that the cost of property abandoned on
permanent improvement should remain in
property account because they were pro-
mulgated after the carrier had issued
bonds to finance such improvement.
Kansas, etc., R. Co. v. United States, 231
U. S. 423, 34 S. Ct. 125.

The powers of the interstate commerce
commission under Act Feb. 4, 1887, § 20,
as amended by Act June 29, 1906, § 7,
were not abused by regulations under
which a railroad can not carry into its
property account the full cost of reduc-
ing grades but is required to deduct from



such costs the replacement cost of por-
tions of track less salvage, carrying the
difference only into the property account
and charging the replacement cost to op-
erating expenses. Kansas, etc., R. Co. v.
United States, 231 U. S. 423, 34 S. Ct.
125.

Judicial belief that the cost of property
abandoned as an incident to permanent
improvements should be charged to ac-
cumulated surplus or to profit and loss,,
does not authorize a holding that the in-
terstate commerce commission abused
their powers given by Act Feb. 4, 1887,
§ 20, as amended by Act June 29, 1906,
§ 7, because under these regulations the
cost must be charged to operating ex-
penses. Kansas, etc., R. Co. v. United
States, 231 U. S. 423, 34 S. Ct. 125.

The interstate commerce commission,
acting under Act Feb. 4, 1887, § 20, as
amended by Act June 29, 1906, § 7, did
not abuse its powers because a railway
company under its regulations erecting
a new shop and permanent plant on
a new location can not charge the
value of the property thereupon aban-
doned against the accumulated surplus in
the profit and loss account, but must
charge the estimated replacement lost
less salvage to operating expenses. Kan-
sas, etc., R. Co. V. United States, 231 U.
S. 423, 34 S. Ct. 125.

There is here no unconstitutional dele-
gation of legislative powers. Interstate
Commerce Comm. zk Goodrich Trans.
Co., 224 U. S. 194, 56 L. Ed. 729, 32 S.
Ct. 436; Kansas, etc., R. Co. v. United
States, 231 U. S. 423, 34 S. Ct. 125.

86. Interstate Commerce Comm. v.
Goodrich Trans. Co., 224 U. S. 194, 56
L. Ed. 729, 32 S. Ct. 436.



§ 4154 CARRIERS. 3772

prescribed by the commission. This section contains ample authority for the
commission to require a system of accounting and reports such as has been pro-
vided for in its orders. And it is immaterial that the accounts required to be
kept are general in their nature, and embrace business other than such as is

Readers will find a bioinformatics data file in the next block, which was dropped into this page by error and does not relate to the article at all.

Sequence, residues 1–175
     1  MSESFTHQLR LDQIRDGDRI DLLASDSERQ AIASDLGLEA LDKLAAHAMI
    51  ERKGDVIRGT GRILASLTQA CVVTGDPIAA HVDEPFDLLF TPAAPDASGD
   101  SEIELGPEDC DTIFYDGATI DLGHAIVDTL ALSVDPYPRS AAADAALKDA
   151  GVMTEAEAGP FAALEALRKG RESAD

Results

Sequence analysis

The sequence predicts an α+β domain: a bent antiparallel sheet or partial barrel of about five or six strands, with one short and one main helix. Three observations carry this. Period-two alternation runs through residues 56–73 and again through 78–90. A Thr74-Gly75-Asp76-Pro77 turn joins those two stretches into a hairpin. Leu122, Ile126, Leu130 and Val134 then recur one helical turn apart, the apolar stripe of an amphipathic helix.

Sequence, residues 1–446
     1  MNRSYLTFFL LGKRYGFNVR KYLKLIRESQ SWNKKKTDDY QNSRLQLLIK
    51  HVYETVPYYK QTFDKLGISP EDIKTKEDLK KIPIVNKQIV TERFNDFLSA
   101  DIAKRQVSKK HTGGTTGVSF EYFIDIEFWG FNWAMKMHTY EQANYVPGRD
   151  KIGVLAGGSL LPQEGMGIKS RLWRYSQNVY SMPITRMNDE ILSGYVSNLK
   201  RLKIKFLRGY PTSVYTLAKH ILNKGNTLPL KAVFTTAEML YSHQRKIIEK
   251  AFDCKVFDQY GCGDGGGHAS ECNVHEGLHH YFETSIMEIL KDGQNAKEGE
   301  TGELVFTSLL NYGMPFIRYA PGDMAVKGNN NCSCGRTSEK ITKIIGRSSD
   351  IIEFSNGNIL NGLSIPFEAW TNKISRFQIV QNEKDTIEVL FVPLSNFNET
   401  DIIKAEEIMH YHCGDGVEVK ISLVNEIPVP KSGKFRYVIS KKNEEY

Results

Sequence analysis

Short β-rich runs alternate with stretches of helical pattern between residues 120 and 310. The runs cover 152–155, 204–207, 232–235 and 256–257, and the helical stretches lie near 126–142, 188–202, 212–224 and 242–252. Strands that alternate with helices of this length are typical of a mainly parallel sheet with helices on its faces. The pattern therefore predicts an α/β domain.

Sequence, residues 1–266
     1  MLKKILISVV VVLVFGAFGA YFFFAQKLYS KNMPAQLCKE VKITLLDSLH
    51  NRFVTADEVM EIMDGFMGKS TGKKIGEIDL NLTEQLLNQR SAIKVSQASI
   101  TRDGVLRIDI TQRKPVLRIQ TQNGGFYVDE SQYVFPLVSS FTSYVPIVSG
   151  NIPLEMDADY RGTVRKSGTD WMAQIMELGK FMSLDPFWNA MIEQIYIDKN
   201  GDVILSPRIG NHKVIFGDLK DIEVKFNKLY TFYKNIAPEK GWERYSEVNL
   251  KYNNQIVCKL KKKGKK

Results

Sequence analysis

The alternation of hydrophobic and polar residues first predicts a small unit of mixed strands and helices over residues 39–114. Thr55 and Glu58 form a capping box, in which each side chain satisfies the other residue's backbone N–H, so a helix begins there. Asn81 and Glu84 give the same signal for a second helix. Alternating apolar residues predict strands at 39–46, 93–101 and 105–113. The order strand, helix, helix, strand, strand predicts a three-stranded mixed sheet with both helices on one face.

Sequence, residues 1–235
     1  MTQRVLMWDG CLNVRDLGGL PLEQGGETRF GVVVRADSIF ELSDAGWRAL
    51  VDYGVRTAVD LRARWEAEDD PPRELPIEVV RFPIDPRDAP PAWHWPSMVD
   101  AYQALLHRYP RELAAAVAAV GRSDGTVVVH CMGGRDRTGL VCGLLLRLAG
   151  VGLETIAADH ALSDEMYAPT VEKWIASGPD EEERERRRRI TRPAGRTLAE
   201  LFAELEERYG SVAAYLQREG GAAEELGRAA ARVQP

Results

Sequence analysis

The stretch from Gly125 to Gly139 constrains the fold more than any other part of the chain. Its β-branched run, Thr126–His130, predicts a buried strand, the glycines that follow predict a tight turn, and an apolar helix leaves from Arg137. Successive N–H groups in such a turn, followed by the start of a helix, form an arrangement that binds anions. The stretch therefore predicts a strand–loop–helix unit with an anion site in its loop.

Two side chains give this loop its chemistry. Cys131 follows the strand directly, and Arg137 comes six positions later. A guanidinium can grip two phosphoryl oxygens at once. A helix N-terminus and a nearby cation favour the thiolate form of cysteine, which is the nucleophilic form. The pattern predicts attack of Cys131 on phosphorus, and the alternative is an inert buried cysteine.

necessary to the discharge of the duties required in carrying passengers and
freight in interstate commerce by joint arrangement between railroads and car-
riers by water, since the commission is charged under the law with the super-
vision of such rates as to their reasonableness, and with the general duty of
making reports to congress which might require a knowledge of the business of
the carrier beyond that which is strictly of the character mentioned. If, there-
fore, the commission is to successfully perform its duties in respect to reasonable
rates, undue discriminations, and favoritism, it must be informed as to the busi-
ness of the carriers by a system of accounting which will not permit the possible
concealment of forbidden practices in accounts which it is not permitted to see,
and concerning which it can require no information.^"^ The requiring of informa-
tion concerning the business methods of such corporations, as shown in its ac-
counts, is not a regulation of business not within the jurisdiction of the commis-
sion. The object of requiring such account to be kept in a uniform way, and to be
open to the inspection of the commission, is not to enable it to regulate the af-
fairs of the corporations not within its jurisdiction, but to be informed concern-
ing the business methods of the corporations subject to the act, that it may
properly regulate such matters as are really within its jurisdiction. Further, the
requiring of information concerning a business is not regulation of that business.
The necessity of keeping such accounts has been developed in the reports of the
commission, and had been the subject of great consideration. It has caused the